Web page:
Lotus Elan

brake pedal travel

PostPost by: Europatc » Fri Jul 01, 2016 7:44 am

Morning all, after having another servo play up on me I decided to look at alternative methods of having a sufficient braking system without the servo. I've fitted +2 calipers to the front of my sprint but I can not achieve an acceptable pedal, there is to much travel. Has anyone had a similar experience and what was there remedy. Thank you in anticipation
Stuart
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PostPost by: 661 » Fri Jul 01, 2016 8:18 am

I've changed to +2 calipers too and de-servoed. The pedal is rock hard with very little travel. Given the new piston size I guess it must be more than before but it doesn't feel it in practise. Forgive me, but yours doesn't sound quite as it should be.
Last edited by 661 on Fri Jul 01, 2016 10:54 pm, edited 1 time in total.
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PostPost by: wotsisname » Fri Jul 01, 2016 8:51 am

Are you comparing like-for-like ? Do you both have the same (type of) master cylinder ? I don't know how different they are, but the Lotus part number for a +2 is different to the Elan... [just throwing my thoughts into the pot]
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PostPost by: Europatc » Fri Jul 01, 2016 12:59 pm

same master cylinder, +2 mounting brackets, calipers and discs, I've bled the system several times, on the second pump of the pedal the foot pedal has the amount of travel that is acceptable, its like there is air in the system but if there is then I don't know how
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PostPost by: john.p.clegg » Fri Jul 01, 2016 1:39 pm

You'll have to do the math ( as they say in the U.S.) and work out the ratio of master to slave cylinders , sounds like mis-match,one way is lots of travel adequate force,the other short travel low force...

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PostPost by: wotsisname » Fri Jul 01, 2016 10:14 pm

does it feel a lot like the previous servo issue ? in other words is there something else wrong ?
old flexible hoses, which are ballooning under pressure ? leaky seal (master cylinder), leaky union.
are you using silicon fluid ? Eezy bleed or jamjar & tube ?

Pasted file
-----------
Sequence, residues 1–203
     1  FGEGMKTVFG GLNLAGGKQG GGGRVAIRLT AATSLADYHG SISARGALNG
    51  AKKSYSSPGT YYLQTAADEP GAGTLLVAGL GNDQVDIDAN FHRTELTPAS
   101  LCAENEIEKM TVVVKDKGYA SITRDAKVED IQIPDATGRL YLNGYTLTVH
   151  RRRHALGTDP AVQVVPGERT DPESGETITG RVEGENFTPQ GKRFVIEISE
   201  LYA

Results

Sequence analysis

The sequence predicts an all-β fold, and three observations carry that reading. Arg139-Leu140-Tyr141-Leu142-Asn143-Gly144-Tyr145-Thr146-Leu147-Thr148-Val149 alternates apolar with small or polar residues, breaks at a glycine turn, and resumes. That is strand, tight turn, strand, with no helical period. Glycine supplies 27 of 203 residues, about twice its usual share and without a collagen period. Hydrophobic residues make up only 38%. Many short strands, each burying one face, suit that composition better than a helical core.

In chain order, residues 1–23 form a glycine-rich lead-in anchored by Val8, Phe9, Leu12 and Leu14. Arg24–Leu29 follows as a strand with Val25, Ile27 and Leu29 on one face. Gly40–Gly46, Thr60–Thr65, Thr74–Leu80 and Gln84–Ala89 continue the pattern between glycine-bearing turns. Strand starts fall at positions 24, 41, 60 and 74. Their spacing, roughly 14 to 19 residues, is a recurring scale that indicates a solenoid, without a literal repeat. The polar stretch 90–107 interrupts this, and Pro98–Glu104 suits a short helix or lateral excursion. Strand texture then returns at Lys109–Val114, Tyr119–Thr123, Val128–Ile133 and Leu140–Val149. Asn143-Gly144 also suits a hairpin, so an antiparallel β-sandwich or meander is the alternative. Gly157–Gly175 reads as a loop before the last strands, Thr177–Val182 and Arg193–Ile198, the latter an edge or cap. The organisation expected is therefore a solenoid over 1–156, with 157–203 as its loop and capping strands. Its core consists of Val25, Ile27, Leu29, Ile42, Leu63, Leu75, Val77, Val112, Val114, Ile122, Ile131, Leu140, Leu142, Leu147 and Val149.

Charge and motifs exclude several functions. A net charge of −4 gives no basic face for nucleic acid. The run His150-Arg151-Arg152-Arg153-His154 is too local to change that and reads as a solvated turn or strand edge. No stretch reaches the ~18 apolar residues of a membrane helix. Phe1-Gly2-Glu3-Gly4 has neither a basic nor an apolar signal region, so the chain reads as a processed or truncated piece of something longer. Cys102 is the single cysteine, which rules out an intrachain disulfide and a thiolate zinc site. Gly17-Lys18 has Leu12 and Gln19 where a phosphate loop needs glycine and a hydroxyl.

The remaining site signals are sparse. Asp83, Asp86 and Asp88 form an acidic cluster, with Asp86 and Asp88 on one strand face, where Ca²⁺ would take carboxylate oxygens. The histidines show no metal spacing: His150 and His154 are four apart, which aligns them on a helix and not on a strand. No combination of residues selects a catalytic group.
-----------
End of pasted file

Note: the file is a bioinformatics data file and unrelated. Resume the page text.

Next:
Are there any solid pipes which have a bit of a loop... The front brakes on an Elise can be a pig to bleed properly if they are empty because of the way the two halves of the caliper are connected.
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PostPost by: Europatc » Fri Jul 01, 2016 10:33 pm

Hi wotsitname, new hoses nothing like the servo issues , the pedal travels about half the distance the second pomp brings it to where it should be, there are no loops in any of the pipes and the bleed nipple on the caliper is the highest point. I just wondered if anyone else has had this problem and if they had a remedy. I shall have another attempt tomorrow
thanks
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PostPost by: rgh0 » Sat Jul 02, 2016 4:18 am

It sounds like the system is bled OK and there is some other problem. That problem does not appear to be in the brake lines as new ones are fitted and I presume you are not loosing fluid which rules out leaks

I would do the following checks around the master cylinder and calipers

1. Check for piston retraction and observe how the pads move as you depress the pedal the first time and then pump it to get an acceptable pedal. If the Pads have not been bedded or the pistons are retracting to far when the pressure is released you can get this problem due to excessive pad movement on application of the brakes.

2. If the problem only occurs when driving and not when the car is stationary then check for bearing play and or pad knock off due to disk run out

3. Have a look at the reservoir fluid when the pedal is first depressed. If you have a leaking reservoir valve you will see a slight disturbance in the reservoir fluid as fluid leaks back from the master cylinder until cylinder pressure seals it.

If none of the above checks show anything I would rebuild the master cylinder and try bleeding again.

cheers
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PostPost by: SF69Elan » Sat Jul 02, 2016 5:22 am

Hi Stuart,

My brake pedal has a similar feel to what you describe and I'm following this thread to learn about options for addressing the problem. I have a 69 S4 Federal with a dual master and the brake pedal is spongy. The system has been bled properly, but no change in feel. The pedal feels the same whether the car is running or not. I have braided stainless steel brake lines.